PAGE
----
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For Sale – a Bridge to Global Cooling Or Saving the Planet Through Clean Fuels

Legislative Efforts on Clean Fuels Standards

By Guest Contributor Howard Hutchinson

Legislation is now making the rounds of state legislatures setting up the means to create a carbon credit market process to support reducing or removing greenhouse gas emissions associated with transportation fuels. The process creates credits for fuels that reduce the quantity of greenhouse gas emissions per unit of fuel energy. The measurement is expressed in grams of carbon dioxide equivalent per megajoule of fuel lifecycle. 3.6 megajoules equals 1 kilowatt hour. This calculation is used to establish the carbon intensity for each transportation fuel that then would generate a standard.

If that is not confusing enough, imagine creating a computer model to track every fuel’s lifecycle to include indirect land use change, all stages of fuel and feedstock production and distribution, feedstock generation or extraction through the distribution, delivery, and use of the finished fuel by the consumer, including consideration of storage, transportation, and combustion.

New Mexico legislators proposing one such law said we will use the Greenhouse gases, Regulated Emissions, and Energy use in Technologies Model (GREET) to calculate various fuel life cycles. The Department of Energy (DOE) used the American Academy of Science (AOS) to create the GREET. The AOS received development funding from Breakthrough Energy (BE) and contracted with Argonne Lab to develop GREET.

The New Mexico legislation, like laws in California, Oregon and Washington call for reducing “the carbon intensity of transportation fuels used in the state by at least twenty percent below 2018 carbon intensity levels by 2030 and at least thirty percent below 2018 carbon intensity levels by 2040.”

Opponents of the New Mexico legislation argued this would result in an increase of forty to eighty cents per gallon in fuel costs. The sponsors and proponents countered that because biofuels and other energy sources would be partially subsidized any increase in costs would be offset to the consumers.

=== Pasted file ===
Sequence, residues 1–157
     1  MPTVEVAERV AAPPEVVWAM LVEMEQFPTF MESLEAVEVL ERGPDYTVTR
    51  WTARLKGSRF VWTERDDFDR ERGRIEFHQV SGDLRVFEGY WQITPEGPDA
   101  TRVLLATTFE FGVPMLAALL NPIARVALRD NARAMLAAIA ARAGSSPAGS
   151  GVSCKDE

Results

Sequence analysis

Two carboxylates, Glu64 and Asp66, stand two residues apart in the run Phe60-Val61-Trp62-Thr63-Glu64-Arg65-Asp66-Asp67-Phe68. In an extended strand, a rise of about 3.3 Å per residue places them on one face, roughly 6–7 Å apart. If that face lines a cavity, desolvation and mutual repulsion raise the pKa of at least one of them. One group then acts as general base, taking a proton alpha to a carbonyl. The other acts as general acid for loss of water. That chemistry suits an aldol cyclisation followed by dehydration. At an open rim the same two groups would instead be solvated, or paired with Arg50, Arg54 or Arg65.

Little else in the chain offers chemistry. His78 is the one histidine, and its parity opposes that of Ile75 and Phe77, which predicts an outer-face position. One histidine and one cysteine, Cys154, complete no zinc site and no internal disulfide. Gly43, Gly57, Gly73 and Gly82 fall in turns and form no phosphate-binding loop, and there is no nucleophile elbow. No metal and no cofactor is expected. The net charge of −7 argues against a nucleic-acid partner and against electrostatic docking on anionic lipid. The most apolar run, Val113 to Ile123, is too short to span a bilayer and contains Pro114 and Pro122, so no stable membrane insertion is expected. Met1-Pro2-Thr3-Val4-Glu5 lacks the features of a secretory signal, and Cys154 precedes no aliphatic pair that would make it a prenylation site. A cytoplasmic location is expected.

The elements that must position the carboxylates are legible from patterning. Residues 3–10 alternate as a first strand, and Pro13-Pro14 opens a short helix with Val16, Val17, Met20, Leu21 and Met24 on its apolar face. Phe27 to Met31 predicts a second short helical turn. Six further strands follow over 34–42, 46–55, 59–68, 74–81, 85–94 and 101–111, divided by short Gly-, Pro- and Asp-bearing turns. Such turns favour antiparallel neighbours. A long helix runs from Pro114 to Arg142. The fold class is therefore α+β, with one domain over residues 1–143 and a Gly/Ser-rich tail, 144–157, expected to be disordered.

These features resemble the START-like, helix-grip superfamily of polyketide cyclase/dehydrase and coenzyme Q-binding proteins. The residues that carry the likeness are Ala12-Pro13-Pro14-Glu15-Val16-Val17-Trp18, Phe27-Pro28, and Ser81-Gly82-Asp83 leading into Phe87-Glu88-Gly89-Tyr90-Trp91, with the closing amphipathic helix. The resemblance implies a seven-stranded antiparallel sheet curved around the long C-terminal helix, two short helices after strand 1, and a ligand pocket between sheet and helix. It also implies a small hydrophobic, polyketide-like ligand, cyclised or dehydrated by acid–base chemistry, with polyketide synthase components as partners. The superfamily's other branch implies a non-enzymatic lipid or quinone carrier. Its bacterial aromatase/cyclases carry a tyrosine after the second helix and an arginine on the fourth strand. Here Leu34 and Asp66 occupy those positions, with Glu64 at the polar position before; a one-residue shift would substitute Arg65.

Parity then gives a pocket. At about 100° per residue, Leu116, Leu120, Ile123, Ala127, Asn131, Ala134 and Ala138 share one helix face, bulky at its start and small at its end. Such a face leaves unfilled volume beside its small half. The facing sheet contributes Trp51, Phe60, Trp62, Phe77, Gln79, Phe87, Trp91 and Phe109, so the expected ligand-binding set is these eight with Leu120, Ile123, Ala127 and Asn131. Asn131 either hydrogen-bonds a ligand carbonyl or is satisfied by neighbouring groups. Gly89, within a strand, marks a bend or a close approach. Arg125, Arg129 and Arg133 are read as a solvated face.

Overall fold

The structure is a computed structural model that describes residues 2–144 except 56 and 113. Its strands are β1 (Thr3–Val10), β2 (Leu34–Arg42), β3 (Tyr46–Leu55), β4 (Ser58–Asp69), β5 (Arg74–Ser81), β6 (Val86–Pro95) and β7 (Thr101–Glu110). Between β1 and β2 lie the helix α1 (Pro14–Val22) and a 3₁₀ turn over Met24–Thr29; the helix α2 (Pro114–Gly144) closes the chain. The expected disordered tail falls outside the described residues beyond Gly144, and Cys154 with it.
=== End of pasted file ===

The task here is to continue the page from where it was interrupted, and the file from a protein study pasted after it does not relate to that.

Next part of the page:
Major oil companies, electric utilities and alternative energy producers supported the legislation. Those companies would receive credits for reductions in carbon intensity below the standards. Any producer of transportation fuels produced or imported into the state that did not meet the standards would have to purchase credits to offset their fuels exceedance of the standards. This on its face indicates there would be increases of fuel costs.

False Promises or Outright Lies? The Art of Bait and Switch

The bait consists of legislation to set up the so-called clean fuel credit markets and create clean fuel standards that promise to reduce greenhouse gas emissions leading to the halt of global warming.

To take a close look at what the legislation does and does not do to reduce greenhouse gas emissions, this article focuses on diesel fuels. Diesel is at the heart of our economy. Farming, mining, construction, and transportation all depend on this fuel to provide the basics of modern society. Sponsors and proponents pointed to biodiesel as one example of the economic benefits the state could realize if the legislation was passed. Petroleum diesel outperforms biodiesel in many ways.

Thermal efficiency translates into better mileage and improved fuel economy for vehicles and equipment powered by diesel. Here’s why:

100% biodiesel (B100) is expensive to produce and does not have the same energy density and therefore the performance is much less than that of petroleum diesel. Biodiesel tends to jell in cold weather and does not have the equivalent fuel efficiency. B5 (5% biodiesel/95% petroleum diesel) is what is currently available at most commercial pumps. B20 (20% biodiesel/80% petroleum diesel) is used by some fleet operators.